When I was young and enamored of philosophy, I turned over again and again Socrates’s maxim that the unexamined life is not worth living.
I got older and put away childish things such as philosophy, and instead took up adult activities such as bicycles concomitant with the duties of adulthood, by which I simply mean “job.”
Job subsumed everything for over thirty years, even though the type of job itself changed. Job was a giant duty umbrella, a love-blocking parasol of responsibility painted in the dull green of money. Under that umbrella life thrived, things grew, and the troubling musings of philosophy, when they dared pop up, were doused with Round-Up, mercilessly weeded, and tossed out from under the protective shade of money.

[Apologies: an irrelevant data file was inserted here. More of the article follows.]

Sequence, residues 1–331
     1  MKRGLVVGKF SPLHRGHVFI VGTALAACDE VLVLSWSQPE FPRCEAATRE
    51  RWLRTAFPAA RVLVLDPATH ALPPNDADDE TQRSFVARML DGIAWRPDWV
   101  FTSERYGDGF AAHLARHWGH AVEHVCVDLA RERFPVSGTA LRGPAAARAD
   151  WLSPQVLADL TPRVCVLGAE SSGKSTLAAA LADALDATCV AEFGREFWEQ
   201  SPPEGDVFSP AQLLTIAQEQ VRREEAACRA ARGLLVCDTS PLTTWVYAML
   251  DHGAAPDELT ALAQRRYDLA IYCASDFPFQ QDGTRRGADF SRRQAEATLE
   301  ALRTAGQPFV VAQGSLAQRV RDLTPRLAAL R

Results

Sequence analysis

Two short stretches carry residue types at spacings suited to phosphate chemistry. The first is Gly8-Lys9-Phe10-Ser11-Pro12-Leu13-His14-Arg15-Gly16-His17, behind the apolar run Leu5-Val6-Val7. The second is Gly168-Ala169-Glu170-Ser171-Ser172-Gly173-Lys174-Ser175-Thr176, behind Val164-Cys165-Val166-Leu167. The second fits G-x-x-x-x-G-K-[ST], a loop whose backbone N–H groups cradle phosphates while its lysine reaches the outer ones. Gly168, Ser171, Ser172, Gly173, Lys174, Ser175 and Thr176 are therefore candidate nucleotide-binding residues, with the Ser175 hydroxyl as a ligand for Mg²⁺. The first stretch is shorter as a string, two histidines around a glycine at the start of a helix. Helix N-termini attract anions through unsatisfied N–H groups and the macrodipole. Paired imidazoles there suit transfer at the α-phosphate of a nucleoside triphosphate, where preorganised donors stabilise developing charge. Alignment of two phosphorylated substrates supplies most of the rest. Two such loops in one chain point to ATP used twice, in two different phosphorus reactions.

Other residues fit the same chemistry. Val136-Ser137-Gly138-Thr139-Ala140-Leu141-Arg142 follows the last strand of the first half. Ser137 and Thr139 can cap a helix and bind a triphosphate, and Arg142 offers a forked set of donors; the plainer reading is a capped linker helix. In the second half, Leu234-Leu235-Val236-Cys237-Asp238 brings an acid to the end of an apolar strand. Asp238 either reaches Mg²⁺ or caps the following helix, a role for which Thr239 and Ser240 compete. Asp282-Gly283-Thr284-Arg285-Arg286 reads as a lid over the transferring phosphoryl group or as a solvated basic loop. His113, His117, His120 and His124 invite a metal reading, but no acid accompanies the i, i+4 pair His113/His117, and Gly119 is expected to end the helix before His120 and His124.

Throughout those decades of job I would sometimes find my way back to philosophy, directly or by circuit. One year in Japan, I believe it was 1995, I emailed my old mentor Ed Allaire, philosophy professor nonpareil, and we had a short exchange.
“What is philosophy, though?” I asked him in one of our emails.
“That is a silly question,” he said.
Our exchange died a painless death shortly thereafter, but his few words stayed with me down the years, those just quoted, and these, reflections on the death of his parents: “They have been gone so long that the torments they inflicted only vaguely trouble me now.”
Also in, let’s say 1995, I discovered Chaucer, and then found his words again on or about January 28, 2019, the day, driving to the airport, that I tried to dredge up what bits and pieces of The Miller’s Tale that I had memorized during long and solitary bike rides throughout northern Japan.